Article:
It’s not just Sean Preston and Jayden James, Britney Spears’ biological children, who are victims of her unraveling.
You can pretty much scratch from existence the Britney Spears Summer Camp for Performing Arts. Starting back in 1999, Spears — through the Giving Back Fund — sponsored 75 kids for five nights at a sleepaway camp on Cape Cod.
The kids were from inner cities and were underprivileged. Spears, who was just cute then, usually showed up at the end. The kids got instruction in music and dance.
But the camp’s Web site is gone, and so is the one for the Britney Spears Foundation. The Giving Back Fund no longer mentions it on its Web site, either. The last session was in 2005, just before Spears went into her downward spin.
The camp probably wouldn’t be such a hot idea now for teens. Britney’s been labeled a negligent mom, a drunk and a drug user. She also forgets to wear undergarments in public. And, oh, yes: Her teenage sister is pregnant.
On the other hand, the campfire stories would be pretty amazing!
By the way, all of Spears' scandals haven’t helped sales of Kevin Federline’s one and only CD. "Playing with Fire," featuring the track "Dance With a Pimp" — yes, the kids are now in his custody — is at sales rank No. 116,924 on Amazon.com.
Is there some debate about Denzel Washington’s "Great Debaters"?
I’ve been recommending this film to everyone I know, especially urging junior high and high school kids to see it without fail. This is the story of all-black Texas Wiley College’s legendary 1935 debating team and how it triumphed over Harvard in a historic competition.
Sometimes, you know, these movies based on historic events take liberties with the truth. Everyone’s still smarting over the liberties in Ron Howard’s beautifully rendered "A Beautiful Mind," which dropped certain factual points to make a good story. It won Best Picture anyway.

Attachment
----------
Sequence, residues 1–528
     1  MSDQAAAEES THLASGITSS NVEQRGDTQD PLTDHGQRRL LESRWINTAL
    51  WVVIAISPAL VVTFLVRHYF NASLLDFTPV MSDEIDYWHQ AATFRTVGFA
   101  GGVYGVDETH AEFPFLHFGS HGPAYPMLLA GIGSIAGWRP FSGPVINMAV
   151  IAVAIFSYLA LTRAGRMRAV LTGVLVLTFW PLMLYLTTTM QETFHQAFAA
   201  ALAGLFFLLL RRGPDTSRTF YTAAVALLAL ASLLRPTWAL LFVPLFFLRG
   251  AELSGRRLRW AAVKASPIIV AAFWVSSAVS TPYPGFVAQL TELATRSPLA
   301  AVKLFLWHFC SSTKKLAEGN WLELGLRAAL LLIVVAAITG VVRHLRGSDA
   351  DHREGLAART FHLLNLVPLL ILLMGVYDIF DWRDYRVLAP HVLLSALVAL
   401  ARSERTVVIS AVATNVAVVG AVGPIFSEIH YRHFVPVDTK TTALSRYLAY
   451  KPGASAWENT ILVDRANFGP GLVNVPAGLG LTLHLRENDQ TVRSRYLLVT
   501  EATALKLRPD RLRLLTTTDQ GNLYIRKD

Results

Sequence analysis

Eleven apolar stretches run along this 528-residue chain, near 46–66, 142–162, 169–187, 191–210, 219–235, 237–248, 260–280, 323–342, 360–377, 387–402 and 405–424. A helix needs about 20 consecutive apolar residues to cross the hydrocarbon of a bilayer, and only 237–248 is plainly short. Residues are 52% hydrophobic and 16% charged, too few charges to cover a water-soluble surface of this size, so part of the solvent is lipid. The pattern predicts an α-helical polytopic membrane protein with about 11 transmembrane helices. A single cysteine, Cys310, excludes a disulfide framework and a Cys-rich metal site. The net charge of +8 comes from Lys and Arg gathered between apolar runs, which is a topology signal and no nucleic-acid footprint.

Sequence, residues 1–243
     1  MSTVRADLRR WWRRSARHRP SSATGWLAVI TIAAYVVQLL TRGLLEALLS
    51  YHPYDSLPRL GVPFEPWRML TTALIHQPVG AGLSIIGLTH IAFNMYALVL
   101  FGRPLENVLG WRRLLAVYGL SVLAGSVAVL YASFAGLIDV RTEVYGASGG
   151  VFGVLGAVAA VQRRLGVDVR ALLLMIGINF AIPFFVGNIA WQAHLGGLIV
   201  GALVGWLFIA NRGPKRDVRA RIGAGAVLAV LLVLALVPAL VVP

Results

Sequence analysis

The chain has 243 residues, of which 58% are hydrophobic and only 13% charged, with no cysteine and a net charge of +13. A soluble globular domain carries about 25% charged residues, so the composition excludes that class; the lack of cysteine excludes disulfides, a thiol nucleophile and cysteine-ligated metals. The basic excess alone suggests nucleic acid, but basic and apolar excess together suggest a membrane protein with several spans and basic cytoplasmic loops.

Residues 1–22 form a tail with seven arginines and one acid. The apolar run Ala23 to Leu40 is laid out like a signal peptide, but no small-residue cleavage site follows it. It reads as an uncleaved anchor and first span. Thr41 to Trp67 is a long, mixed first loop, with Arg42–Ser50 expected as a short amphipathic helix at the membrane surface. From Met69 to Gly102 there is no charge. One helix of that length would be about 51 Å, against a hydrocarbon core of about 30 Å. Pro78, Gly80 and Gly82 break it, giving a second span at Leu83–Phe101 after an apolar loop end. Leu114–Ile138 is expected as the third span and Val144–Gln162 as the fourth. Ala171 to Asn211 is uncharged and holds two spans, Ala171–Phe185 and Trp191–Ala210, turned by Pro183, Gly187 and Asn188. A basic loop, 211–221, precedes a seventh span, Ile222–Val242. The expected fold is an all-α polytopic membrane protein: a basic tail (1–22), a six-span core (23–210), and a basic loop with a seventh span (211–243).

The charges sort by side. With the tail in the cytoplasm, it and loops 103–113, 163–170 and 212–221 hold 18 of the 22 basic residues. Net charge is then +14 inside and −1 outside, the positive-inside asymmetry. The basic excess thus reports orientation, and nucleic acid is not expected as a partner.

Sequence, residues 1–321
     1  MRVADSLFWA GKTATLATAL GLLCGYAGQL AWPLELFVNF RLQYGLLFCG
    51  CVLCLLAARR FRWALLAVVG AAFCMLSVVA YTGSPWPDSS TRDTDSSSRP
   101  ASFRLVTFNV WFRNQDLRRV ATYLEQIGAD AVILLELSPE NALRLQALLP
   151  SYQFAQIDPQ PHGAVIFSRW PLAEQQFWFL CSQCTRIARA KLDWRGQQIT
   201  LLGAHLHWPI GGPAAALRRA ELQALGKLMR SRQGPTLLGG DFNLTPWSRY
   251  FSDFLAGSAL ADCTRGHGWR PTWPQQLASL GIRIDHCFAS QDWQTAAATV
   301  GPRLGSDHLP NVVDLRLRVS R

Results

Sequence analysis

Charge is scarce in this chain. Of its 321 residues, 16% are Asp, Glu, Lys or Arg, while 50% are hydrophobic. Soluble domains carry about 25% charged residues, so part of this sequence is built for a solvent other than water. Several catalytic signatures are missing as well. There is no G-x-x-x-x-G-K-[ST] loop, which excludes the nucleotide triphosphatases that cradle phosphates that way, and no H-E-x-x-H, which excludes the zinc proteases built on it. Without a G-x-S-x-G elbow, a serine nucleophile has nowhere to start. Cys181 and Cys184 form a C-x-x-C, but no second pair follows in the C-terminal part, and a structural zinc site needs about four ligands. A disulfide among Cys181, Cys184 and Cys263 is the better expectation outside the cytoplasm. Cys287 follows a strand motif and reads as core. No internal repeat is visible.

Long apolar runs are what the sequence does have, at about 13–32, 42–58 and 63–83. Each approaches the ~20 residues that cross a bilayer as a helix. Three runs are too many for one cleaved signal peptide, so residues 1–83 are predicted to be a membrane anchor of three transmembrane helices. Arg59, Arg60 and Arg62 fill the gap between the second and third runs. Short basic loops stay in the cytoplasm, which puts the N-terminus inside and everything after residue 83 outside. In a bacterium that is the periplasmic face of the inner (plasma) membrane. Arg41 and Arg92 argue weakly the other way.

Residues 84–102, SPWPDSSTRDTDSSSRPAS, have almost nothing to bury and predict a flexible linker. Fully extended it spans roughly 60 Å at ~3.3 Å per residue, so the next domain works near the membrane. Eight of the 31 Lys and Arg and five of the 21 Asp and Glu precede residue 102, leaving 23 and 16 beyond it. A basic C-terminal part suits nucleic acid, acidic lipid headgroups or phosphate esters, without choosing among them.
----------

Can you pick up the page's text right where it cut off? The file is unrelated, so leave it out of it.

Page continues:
But if you read the book it was based on, you get a much less sympathetic picture of John Forbes Nash, the character whom Russell Crowe plays.
"The Great Debaters" suffers no such trouble, although at first I was a little curious about its roots. From the beginning, Washington and the filmmakers were clear: The movie was fiction, inspired by the story of real-life poet laureate Melvin Tolson (played by Washington).
Tolson led the Wiley team to its victory. His courage and ingenuity were the subject of an American Legacy story in 1997 by Tony Scherman. The article was the genesis of the movie.
The film is historically accurate based on Scherman’s original story and actual events, even though some have suggested it isn’t. I guess I loved the kids who play the young debaters so much that I wanted them to be real.
Alas, only one is totally true — James Farmer Jr., played so beautifully by Denzel Whitaker. The other two are composites inspired by real people. Samantha Booke (Jurnee Smollett) is a nod to Henrietta Bell, a founding member of the Wiley team who is still alive and well in Texas. Henry Lowe is based on Henry Heights, Tolson’s lead debater.
What’s really exciting about "Great Debaters" is that Farmer was very much a real person. He graduated high school at 14 and went to Wiley the next year. Before he was 20 he founded the Congress of Racial Equality and was one of the original Freedom Riders.
His memoir, "Lay Bare the Heart: An Autobiography of the Civil Rights Movement," is considered seminal reading. Farmer’s own story could make a great movie.
Washington and screenwriter Robert Eisele (who deserves an Oscar nod for adapted screenplay) did an amazing job incorporating so many complex elements into the film. No, the big debate shown in the movie at Harvard University didn’t take place there. That last competition was at the University of Southern California.
But Wiley had to debate Harvard to get there, and they did so handily. I don’t see any problem with that. For dramatic purposes, Harvard has a more formidable ring than USC. The latter would have made it sound like a beach movie.
Harvard, by the way, likes "The Great Debaters" a lot. Writing in the Harvard Crimson on Dec. 14, Daniel B. Howell gave the movie four stars. His criticism?
"It’s a commercial product," he wrote. "Spike Lee it ain’t."
In this case, I say, thank goodness. Howell concludes: "It not only makes for an entertaining two hours, it’s intelligent."
You can’t beat that.
Elizabeth Montgomery finally got a star on the Walk of Fame on Friday in Hollywood. The beloved "Bewitched" star, who played Samantha Stephens in the series, died in 1995 at age 62.
She was nominated for four Globes and nine Emmys and never won one of them. Just imagine: Her strong competition in 1969 was no less than Barbara Feldon for "Get Smart," Diahann Carroll in "Julia," and the winner, Hope Lange "The Ghost and Mrs. Muir."